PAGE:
Does aggressive surgery only benefit patients with less advanced ovarian cancer? Results from an international comparison within the SCOTROC-1 Trial

Crawford, S., Vasey, P., Paul, J. , Hay, A., Davis, J. and Kaye, S. (2005) Does aggressive surgery only benefit patients with less advanced ovarian cancer? Results from an international comparison within the SCOTROC-1 Trial. Journal of Clinical Oncology, 23(34), pp. 8802-8811. (doi:10.1200/JCO.2005.02.1287)

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Abstract

Purpose Studies indicate that ovarian cancer patients who have been optimally debulked survive longer. Although chemotherapy has been variable, they have defined standards of care. Additionally, it is suggested that patients from the United Kingdom (UK) have inferior survival compared with some other countries. We explored this within the context of a large, international, prospective, randomized trial of first-line chemotherapy in advanced ovarian cancer (docetaxel-carboplatin v paclitaxel-carboplatin; SCOTROC-1). The Scottish Randomised Trial in Ovarian Cancer surgical study is a prospective observational study examining the impact on progression-free survival (PFS) of cytoreductive surgery and international variations in surgical practice. Patients and Methods One thousand seventy-seven patients were recruited (UK, n = 689; Europe, United States, and Australasia, n = 388). Surgical data were available for 889 patients. These data were analyzed within a Cox model. Results There were three main observations. First, more extensive surgery was performed in non-UK patients, who were more likely to be optimally debulked (<= 2 cm residual disease) than non-UK patients (71.3% v 58.4%, respectively; P < .001). Second, optimal debulking was associated with increased PFS mainly for patients with less extensive disease at the outset (test for interaction, P = .003). Third, UK patients with no visible residual disease had a less favorable PFS compared with patients recruited from non-UK centers who were similarly debulked (hazard ratio = 1.85; 95% CI, 1.16 to 2.97; P = .010). This observation seems to be related to surgical practice, primarily lymphadenectomy. Conclusion Increased PFS associated with optimal surgery is limited to patients with less advanced disease, arguing for case selection rather than aggressive debulking in all patients irrespective of disease extent. Lymphadenectomy may have beneficial effects on PFS in optimally debulked patients.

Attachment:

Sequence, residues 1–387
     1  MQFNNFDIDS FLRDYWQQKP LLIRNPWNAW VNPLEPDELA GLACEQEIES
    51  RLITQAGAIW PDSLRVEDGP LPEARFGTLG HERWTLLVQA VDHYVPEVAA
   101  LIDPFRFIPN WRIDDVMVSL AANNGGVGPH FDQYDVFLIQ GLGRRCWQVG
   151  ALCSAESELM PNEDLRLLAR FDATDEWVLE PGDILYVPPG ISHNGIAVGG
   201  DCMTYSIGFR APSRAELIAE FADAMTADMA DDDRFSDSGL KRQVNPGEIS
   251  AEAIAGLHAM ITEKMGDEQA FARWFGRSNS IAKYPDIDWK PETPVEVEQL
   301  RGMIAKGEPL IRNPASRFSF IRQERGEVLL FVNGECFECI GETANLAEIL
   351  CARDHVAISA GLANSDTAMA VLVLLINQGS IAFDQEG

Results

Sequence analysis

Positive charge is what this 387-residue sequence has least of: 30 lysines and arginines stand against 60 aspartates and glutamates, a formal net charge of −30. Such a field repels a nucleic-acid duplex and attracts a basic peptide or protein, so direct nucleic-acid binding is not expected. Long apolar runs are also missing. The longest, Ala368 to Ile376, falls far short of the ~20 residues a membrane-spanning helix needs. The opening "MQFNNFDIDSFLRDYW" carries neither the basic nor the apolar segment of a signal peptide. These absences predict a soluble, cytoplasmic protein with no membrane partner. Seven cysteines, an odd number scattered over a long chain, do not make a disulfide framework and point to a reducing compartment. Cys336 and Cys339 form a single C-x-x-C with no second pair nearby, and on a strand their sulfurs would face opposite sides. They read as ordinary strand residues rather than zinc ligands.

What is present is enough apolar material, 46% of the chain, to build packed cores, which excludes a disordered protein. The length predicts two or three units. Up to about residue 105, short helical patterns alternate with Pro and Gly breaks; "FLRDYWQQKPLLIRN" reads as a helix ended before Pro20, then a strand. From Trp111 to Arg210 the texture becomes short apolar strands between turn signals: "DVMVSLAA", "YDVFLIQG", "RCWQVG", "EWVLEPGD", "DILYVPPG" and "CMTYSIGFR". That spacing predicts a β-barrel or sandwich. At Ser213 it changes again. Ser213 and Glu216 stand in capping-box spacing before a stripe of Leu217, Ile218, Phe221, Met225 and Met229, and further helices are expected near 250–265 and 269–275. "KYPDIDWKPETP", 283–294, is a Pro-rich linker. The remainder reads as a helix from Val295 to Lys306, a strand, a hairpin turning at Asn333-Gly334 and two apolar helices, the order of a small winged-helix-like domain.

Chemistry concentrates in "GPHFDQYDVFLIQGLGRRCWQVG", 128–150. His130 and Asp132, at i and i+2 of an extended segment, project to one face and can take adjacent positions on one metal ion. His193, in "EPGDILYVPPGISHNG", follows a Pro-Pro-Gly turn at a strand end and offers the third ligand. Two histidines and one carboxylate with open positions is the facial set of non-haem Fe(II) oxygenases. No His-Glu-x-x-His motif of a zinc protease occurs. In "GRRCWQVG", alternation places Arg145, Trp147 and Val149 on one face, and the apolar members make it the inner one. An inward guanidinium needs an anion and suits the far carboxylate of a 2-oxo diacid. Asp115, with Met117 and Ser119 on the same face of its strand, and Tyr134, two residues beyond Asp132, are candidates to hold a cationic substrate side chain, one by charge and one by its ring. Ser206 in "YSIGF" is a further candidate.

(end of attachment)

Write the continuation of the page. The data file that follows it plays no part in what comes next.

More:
Item Type:Articles
Additional Information:41st Annual Meeting of the American-Society-of-Clinical-Oncology, Orlando, FL, MAY 13-17, 2005
Status:Published
Refereed:Yes
Glasgow Author(s) Enlighten ID:Paul, Mr James
Authors: Crawford, S., Vasey, P., Paul, J., Hay, A., Davis, J., and Kaye, S.
College/School:College of Medical Veterinary and Life Sciences > Institute of Cancer Sciences
Journal Name:Journal of Clinical Oncology
ISSN:0732-183X

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